Saturday, October 13, 2007

Revisiting LATHE OF HEAVEN

Anyone who’s followed this blog for the past year or two knows that I’ve been on a re-reading frenzy for awhile, revisiting books from my past. The latest is Ursula K. Le Guin’s 1971 sci-fi novel The Lathe of Heaven, and what a revelation it is! When I first read the book in high school, I enjoyed it. For a teenager, it offered a compelling, apocalyptic story. But what a difference 35 years of experience can make in your understanding! Now I fully appreciate the philosophical underpinnings of Le Guin’s tale. Lathe is a chilling examination of do-gooderism run wild, of the “social planner” mentality, what the great Isabel Patterson called “the humanitarian with a guillotine.”

Briefly, The Lathe of Heaven is the story of George Orr, a man whose dreams alter reality. Forced by the government to undergo “voluntary” psychiatric treatment for abusing sleep-deprivation drugs, Orr becomes the tool of Dr. William Haber, a sleep researcher who uses George’s dreams to create alternate “utopian” realities in his often selfish desire for a better world. Most of these efforts, of course, go wrong. Haber hypnotically suggests Orr dream about “peace on Earth,” and the result is a wartime alliance of all Earth’s nations against an alien invasion of the Moon. Orr is directed to dream about an end to racism; the skin color of everyone on the planet turns uniformly gray.

Haber is the messiah-complex run amok. He is kin to neocon Republicans who conspire to “make the world safe for democracy” (i.e., U.S. hegemony) and “liberal” Democrats who shackle us to unworkable domestic welfare-workfare programs. When Orr objects to citizens being euthanized involuntarily, the result of just one Haber-directed dream, the doctor replies, “You haven’t yet fully accepted the use of controlled violence for the good of the community; you may never be able to. … We need health. We simply have no room for the incurables, the gene-damaged who degrade the species; we have no time for wasted, useless suffering.”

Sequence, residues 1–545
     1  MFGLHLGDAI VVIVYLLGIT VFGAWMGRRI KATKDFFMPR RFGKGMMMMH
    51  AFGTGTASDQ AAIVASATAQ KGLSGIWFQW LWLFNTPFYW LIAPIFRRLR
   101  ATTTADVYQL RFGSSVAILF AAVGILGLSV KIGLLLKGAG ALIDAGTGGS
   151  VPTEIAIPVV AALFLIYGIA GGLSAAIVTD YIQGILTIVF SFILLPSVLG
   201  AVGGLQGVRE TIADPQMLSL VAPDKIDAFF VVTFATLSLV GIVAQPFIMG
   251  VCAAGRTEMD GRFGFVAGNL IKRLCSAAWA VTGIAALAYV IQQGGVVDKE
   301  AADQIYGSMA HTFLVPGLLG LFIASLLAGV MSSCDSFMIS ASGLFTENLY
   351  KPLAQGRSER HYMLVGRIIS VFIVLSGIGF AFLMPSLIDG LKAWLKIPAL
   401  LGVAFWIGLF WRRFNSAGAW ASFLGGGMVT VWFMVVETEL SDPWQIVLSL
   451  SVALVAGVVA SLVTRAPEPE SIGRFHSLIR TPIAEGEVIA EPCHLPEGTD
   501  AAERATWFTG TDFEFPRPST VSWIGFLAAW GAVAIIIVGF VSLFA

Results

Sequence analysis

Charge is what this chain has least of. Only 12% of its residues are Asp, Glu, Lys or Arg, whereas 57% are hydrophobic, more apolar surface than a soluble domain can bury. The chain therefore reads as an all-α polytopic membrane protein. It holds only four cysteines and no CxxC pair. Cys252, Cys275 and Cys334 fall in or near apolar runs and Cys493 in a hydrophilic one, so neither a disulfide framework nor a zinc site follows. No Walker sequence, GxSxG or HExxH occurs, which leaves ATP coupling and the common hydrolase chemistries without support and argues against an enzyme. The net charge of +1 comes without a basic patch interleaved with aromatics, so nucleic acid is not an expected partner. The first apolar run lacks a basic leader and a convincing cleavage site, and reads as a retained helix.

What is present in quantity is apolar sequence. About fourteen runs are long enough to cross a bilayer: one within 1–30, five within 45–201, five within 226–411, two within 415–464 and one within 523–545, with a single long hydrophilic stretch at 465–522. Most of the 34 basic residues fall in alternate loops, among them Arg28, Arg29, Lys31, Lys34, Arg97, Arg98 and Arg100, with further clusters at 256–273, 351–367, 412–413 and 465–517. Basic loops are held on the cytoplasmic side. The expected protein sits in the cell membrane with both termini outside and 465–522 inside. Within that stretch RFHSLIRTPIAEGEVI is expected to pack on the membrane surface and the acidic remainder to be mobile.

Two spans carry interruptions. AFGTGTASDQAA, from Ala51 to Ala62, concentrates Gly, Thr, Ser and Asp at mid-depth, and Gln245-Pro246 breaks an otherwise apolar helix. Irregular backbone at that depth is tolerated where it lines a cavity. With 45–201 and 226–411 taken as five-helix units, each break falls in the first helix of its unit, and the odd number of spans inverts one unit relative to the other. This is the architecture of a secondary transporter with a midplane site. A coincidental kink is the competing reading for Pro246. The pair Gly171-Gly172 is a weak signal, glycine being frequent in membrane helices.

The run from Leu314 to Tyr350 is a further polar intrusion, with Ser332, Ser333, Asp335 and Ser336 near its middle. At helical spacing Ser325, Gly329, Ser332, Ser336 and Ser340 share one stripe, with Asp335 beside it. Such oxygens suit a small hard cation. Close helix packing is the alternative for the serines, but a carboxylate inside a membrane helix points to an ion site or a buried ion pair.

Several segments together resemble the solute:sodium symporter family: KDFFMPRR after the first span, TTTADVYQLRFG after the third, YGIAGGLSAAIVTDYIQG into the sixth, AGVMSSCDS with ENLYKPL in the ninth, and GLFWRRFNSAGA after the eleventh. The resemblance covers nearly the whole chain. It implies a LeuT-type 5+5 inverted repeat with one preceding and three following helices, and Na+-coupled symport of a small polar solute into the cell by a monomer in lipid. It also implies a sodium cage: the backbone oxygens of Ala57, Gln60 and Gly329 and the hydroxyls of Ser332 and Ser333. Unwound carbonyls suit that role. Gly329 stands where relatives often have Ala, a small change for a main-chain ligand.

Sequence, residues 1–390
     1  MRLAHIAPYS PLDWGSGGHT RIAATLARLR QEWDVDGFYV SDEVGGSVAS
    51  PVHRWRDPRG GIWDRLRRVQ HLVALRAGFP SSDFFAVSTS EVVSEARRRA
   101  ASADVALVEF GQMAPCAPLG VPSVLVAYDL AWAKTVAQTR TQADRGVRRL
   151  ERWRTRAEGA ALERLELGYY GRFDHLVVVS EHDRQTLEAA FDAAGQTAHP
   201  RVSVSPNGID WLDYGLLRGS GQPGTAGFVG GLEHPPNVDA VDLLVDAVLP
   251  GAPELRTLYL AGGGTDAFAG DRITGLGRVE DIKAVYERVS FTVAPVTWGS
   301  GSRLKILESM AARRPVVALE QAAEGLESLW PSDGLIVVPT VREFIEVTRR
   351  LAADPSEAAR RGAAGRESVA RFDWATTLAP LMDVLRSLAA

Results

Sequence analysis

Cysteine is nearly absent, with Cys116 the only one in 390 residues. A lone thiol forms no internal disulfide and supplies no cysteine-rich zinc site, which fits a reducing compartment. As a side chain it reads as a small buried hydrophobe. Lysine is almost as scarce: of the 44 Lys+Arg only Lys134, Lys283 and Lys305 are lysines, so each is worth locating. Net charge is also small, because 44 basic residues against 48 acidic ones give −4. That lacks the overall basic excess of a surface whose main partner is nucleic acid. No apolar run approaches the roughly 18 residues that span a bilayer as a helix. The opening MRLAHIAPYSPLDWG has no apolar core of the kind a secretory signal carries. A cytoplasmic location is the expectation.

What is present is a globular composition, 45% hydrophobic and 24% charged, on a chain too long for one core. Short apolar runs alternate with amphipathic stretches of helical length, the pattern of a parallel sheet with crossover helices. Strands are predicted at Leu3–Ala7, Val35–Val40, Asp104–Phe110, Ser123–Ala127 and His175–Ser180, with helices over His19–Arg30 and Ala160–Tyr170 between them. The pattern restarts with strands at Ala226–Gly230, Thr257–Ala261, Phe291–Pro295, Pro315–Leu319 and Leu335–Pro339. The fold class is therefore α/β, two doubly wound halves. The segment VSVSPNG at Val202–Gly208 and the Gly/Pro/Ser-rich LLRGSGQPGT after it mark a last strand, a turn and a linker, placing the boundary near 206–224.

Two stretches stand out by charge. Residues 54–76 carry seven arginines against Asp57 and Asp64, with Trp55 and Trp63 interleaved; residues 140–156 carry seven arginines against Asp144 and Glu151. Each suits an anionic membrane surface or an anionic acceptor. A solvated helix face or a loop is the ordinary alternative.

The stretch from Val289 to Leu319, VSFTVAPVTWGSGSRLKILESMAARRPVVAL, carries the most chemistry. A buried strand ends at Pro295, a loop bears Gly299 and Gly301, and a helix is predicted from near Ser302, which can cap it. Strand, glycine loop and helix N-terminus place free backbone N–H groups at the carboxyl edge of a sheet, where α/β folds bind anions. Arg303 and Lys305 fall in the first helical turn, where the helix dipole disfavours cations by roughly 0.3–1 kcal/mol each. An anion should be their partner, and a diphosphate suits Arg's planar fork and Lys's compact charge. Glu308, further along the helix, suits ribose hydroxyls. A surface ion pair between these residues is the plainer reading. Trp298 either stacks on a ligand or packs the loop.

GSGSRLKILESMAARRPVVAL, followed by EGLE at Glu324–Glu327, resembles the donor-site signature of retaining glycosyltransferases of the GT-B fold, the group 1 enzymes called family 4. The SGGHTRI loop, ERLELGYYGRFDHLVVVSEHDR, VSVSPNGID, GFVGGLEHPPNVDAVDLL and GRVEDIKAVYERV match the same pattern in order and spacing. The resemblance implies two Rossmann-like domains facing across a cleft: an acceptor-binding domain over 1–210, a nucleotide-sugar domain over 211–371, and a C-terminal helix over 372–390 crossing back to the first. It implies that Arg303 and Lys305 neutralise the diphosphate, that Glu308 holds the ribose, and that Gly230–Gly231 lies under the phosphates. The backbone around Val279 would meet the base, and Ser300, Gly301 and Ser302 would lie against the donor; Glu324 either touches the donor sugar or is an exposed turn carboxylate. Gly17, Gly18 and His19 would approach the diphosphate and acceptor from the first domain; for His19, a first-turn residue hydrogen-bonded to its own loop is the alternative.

While The Lathe of Heaven is essentially an end of the world story, it’s a remarkably “quiet” book. It doesn’t shout. There are only three characters that drive the novel forward. And for that reason, oddly enough, it’s tremendously powerful.

This is a sci-fi gem that I never hear mentioned in libertarian circles. Lathe should be on every freedom-lover’s reading list.

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5 Comments:

At 7:02 PM, Anonymous thesilentcritic said...

Hey Wally, did you ever try Jack Vance yet? I recommend Blue World and Emphyrio.

Your Ron-Paul-voting near-anarchist friend.

 
At 1:47 AM, Anonymous Tom Ender said...

Lathe has been one of my faves for a very long time. I like The Dispossessd even more, but it's a close call for me.

 
At 9:41 PM, Blogger Wally Conger said...

silent critic --

I have been reading some Jack Vance. His "Demon Princes" series. Have enjoyed them.

Wally

 
At 10:20 PM, Anonymous thesilentcritic said...

Those are among my favorites (The Face is the best of the 5 in my opinion)! But for anyone looking for beautiful anti-state overtones, try my two recommendations above.

 
At 7:31 AM, Blogger Wally Conger said...

Hey, silent, I have a copy of Emphyrio that I found in a used book store a few months ago. I haven't read it yet, and it's temporarily "lost" in one of 30-plus boxes of books I have in storage during our house remodel. But I will be reading it eventually!

 

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